For example, consider a time series chart that compares the current 28 days to the previous 28 days. The maximum value of Sessions for the current period was 1,947 on June 26. The maximum value of Sessions for the previous period was 1,571 on June 4.

Time series chart tooltip making two data comparisons: the first between June 26 and May 29, and the second between July 2 and June 4.

If you apply the Percent of max function relative to base data, then every data point for the previous period will be divided by the maximum value of the current period (1,947). For the data point on June 4, the Percent of max relative to base data would be: 1571/1947 = 80.69%.

Time series chart tooltip with percent of max function applied relative to the base data displaying the percentage of max value for June 4.

If you instead apply the Percent of max function relative to corresponding data, then every data point for the previous period will be divided by the maximum value of the previous period (1,571). For the data point on June 4, the Percent of max relative to corresponding data would be: 1571/1571 = 100%.

Time series chart tooltip with percent of max function applied relative to corresponding data displaying the percentage of max value for June 4.

Apply running calculations

Running calculations compute summary results across a collection of values. Running calculations return a value for each row of input, expressing that row's relation to the collection as a whole.

The following example shows the application of two running calculations to the Users metric:

  • Running sum
  • Running delta

Example

Date Source Users Running sum of users Running delta of users
May 7, 2018 google 1,400 1,400 1,400
May 8, 2018 google 1,856 3,256 456
May 9, 2018 google 1,748 5,004 -108
May 10, 2018 google 2,046 7,050 298
May 11, 2018 google 1,497 8,547 -549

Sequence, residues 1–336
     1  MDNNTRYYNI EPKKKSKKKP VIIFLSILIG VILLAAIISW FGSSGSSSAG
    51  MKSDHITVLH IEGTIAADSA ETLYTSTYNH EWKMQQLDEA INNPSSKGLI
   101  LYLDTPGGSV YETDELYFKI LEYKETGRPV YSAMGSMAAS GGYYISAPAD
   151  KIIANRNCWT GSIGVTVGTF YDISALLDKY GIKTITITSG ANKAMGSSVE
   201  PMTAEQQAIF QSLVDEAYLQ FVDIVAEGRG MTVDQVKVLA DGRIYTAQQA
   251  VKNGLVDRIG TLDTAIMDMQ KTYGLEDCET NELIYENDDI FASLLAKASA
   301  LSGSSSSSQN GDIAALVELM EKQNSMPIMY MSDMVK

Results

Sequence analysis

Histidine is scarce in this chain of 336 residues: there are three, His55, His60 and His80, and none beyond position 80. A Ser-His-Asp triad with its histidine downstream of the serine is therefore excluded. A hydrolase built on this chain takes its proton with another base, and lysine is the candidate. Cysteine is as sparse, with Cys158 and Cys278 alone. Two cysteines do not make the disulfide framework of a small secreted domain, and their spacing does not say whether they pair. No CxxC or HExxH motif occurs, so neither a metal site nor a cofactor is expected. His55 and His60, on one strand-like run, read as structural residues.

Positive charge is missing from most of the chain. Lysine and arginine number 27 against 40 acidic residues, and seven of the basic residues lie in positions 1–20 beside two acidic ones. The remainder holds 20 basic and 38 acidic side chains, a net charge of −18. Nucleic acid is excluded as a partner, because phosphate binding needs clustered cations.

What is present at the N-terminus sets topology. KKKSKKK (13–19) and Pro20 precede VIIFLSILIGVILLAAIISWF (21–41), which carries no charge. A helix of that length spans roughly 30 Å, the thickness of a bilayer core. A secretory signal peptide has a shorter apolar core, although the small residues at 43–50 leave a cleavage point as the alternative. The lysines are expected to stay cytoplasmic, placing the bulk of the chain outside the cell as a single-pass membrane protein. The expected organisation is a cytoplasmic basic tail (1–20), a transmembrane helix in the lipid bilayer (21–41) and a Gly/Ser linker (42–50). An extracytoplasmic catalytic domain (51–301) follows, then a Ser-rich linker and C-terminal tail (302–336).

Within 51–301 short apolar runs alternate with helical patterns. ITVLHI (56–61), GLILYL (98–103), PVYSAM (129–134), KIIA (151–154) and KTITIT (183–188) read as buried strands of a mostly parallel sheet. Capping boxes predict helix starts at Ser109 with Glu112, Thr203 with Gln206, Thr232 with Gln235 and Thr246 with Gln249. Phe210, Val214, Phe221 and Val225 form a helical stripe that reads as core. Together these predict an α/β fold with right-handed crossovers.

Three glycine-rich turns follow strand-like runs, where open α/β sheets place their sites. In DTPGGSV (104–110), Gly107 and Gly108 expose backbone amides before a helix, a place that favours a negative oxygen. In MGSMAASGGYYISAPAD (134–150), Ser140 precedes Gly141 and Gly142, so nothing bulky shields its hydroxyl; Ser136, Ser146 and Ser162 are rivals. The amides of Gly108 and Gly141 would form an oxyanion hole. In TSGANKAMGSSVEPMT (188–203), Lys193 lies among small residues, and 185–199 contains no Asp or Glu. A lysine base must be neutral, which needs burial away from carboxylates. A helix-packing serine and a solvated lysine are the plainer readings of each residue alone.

May 12, 2018 google 1,094 9,641 -403

See a demonstration report here.

Looker Studio supports the following running calculations:

  • Running sum
  • Running average
  • Running min
  • Running max
  • Running count
  • Running delta
  • Running percentage delta

To apply a running calculation

  1. Edit your report.
  2. Select a chart.
  3. In the Properties panel, select the SETUP tab.

  4. Add a metric to chart, and then click its edit pencil .
  5. Click the Running calculation menu, and select the desired function.
  6. To remove a running calculation, change the Running calculation option to None.
To display the original metric and the metric comparison or running calculation in the same chart, add a second instance of the original metric by dragging it from the Available Fields panel. (You can't add a duplicate field using the metric or dimension picker.)

Differences between running calculations and calculated fields

Calculated fields work on the data in your charts on a row-by-row basis. Running calculations work across rows, making it easy to show complex data relationships without having to code custom SQL queries in your dataset. Such queries would be difficult if not impossible to replicate in a calculated field in your data source.

However, unlike with calculated fields, you can't edit the formulas of running calculations.